Last June, I wrote a post titled “So what?”, which included a cartoon summarising all that I thought was wrong with the world of diatom specialists within which I move. We have become, as a group, very good at naming and counting diatoms, but not very good at understanding how these fit into ecosystems. Along with two colleagues, I included this cartoon in a paper that we wrote based on talks at the meeting that I wrote about in that post. One reviewer took umbrage at this, suggesting that “… it is really making a very bad favour to all the people working with diatoms, and to the efforts expended during many years to implement techniques related to them …” (sic). Unfortunately, I feel that there is so much complacency amongst diatom specialists at present that we are hardly doing them a favour by writing platitudes. Inhabitants of the curious sub-discipline of diatom science seem to have drifted far from the frontline of functional ecology and some shock tactics are necessary in order to drag them back towards reality. We argued our case for including the cartoon and the editor agreed with us.
The roots of the problem are sociological and cultural rather than scientific: diatoms became established as the first choice algae for ecological assessment for a number of reasons, one of which was the absence of competition from advocates of other groups of organisms. Diatom methods behaved like an invasive species, spreading rapidly across Europe and beyond, exploiting the new “niche” created by the Water Framework Directive’s requirement that “phytobenthos” (i.e. attached algae) should be considered when Member States were evaluating the condition of their fresh waters.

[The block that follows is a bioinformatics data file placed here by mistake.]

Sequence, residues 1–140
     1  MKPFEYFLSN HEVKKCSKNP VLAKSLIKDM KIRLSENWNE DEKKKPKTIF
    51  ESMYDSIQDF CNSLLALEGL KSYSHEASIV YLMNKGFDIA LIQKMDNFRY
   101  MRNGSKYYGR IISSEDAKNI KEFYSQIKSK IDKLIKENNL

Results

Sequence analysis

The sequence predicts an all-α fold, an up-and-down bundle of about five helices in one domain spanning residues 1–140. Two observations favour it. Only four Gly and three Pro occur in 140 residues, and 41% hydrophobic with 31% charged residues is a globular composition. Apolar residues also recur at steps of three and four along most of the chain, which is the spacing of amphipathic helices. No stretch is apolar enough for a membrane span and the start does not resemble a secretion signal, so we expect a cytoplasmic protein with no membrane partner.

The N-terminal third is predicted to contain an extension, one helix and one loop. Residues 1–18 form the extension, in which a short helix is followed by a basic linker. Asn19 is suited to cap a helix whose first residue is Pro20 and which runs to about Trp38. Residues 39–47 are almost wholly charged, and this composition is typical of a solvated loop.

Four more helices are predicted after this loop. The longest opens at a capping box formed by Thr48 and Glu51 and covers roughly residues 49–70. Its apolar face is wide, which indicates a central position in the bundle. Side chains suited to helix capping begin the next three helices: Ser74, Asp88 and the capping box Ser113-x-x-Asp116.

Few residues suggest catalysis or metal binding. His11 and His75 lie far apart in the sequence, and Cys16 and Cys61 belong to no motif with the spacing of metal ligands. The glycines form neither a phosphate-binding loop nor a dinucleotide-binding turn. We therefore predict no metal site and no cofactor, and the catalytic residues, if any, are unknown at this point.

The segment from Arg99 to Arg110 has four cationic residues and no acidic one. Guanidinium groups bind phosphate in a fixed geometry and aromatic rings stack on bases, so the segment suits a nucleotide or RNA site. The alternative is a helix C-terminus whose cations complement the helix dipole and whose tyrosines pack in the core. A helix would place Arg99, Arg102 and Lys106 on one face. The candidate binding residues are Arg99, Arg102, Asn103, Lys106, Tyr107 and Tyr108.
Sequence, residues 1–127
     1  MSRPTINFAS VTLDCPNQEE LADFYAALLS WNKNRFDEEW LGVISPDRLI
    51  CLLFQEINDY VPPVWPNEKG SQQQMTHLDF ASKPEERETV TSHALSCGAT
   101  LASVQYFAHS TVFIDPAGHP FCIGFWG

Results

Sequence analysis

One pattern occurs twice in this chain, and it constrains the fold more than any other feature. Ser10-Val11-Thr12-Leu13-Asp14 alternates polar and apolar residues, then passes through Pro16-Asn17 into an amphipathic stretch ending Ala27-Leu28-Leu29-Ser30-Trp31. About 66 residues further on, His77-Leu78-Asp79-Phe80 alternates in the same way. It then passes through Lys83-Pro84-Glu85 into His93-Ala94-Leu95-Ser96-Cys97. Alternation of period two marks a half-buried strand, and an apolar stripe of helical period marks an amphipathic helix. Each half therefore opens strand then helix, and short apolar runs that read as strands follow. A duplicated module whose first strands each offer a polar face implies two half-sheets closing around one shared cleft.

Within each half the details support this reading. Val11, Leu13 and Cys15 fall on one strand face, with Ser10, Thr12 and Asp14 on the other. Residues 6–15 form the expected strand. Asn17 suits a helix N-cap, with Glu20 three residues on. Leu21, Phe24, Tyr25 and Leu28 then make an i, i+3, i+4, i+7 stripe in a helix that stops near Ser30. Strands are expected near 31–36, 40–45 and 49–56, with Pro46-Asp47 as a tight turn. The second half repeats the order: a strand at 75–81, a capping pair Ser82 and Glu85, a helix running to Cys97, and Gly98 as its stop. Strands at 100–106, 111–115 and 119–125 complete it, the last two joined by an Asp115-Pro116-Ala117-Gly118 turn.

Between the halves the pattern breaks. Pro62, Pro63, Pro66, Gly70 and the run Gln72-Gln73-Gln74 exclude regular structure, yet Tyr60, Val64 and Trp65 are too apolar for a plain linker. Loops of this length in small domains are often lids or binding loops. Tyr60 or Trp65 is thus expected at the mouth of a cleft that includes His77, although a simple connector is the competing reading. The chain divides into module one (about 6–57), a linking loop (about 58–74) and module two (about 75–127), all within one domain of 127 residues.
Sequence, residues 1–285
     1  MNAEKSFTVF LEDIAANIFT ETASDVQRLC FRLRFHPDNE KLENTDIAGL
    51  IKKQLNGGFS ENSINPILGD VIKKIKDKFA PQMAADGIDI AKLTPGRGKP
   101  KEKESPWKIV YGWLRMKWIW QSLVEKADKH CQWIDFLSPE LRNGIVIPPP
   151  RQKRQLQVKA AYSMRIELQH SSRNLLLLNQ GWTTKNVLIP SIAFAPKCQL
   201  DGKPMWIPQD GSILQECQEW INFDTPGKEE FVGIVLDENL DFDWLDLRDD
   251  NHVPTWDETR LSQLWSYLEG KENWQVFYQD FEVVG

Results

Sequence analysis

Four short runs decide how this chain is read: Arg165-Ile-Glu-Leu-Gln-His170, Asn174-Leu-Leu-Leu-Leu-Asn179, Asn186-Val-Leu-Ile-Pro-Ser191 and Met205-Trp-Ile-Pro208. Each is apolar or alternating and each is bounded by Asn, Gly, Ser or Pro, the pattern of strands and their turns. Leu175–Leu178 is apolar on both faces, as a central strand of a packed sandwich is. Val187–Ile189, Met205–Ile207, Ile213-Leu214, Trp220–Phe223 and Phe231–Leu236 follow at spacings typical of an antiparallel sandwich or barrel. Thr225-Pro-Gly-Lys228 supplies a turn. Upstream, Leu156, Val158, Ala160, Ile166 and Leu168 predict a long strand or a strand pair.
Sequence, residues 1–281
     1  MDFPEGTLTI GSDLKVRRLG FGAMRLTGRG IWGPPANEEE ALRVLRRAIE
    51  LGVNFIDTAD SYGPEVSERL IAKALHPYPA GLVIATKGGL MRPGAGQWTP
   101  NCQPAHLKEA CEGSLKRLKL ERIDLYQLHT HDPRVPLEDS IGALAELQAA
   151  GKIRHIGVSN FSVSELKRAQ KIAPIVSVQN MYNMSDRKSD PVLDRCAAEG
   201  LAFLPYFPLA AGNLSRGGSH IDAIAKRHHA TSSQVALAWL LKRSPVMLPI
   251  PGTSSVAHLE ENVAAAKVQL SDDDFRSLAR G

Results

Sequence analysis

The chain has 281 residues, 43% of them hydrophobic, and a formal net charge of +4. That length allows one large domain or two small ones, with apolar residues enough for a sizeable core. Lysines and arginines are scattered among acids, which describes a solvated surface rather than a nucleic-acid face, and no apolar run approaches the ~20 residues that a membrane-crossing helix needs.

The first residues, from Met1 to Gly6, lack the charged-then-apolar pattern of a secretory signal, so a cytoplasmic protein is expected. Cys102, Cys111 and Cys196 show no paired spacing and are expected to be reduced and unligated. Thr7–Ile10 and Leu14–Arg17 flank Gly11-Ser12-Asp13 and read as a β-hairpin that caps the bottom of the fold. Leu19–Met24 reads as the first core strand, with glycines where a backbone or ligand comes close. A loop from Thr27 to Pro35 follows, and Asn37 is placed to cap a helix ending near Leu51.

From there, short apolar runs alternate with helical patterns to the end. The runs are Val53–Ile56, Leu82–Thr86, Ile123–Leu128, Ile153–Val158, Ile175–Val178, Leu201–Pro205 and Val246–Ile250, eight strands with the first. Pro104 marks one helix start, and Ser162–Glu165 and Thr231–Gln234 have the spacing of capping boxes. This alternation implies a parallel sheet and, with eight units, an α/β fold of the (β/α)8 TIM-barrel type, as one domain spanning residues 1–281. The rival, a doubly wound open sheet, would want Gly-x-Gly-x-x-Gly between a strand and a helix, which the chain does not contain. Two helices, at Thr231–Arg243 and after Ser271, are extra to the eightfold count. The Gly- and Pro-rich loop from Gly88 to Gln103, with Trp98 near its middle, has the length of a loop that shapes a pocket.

What happened next was, I suspect, the natural consequence of academic specialisation. We all recognised that the first generation of methods were far from perfect but, as circumstances had selected diatom specialists (with their inclinations towards taxonomy) over those with interests in other algal groups and, more significantly, ecological processes, these people then dictated the next stages of development. Over the past 15 years, I have watched the lists of species that analysts are expected to recognise gradually grow in length in many parts of Europe. Adherents of this approach claim greater sensitivity as a result, but there is little hard evidence to support this. Rather, I think we are watching the natural inclination of specialists towards greater specialisation.
The line that we took in our new paper is that the “ecological status” that we are all trying to measure is a much broader concept than can be encapsulated by the composition of a single group of algae. Importantly, it needs to consider not just what species are present but also how much biomass these create. We recognise that measuring biomass is not an easy task but, paradoxically, diatom specialists in yet another recent paper point out that differentiating some groups of diatoms is difficult yet seem to think that this can be resolvable by greater diligence on the part of analysts, whilst every other facet of ecological status can be quietly ignored.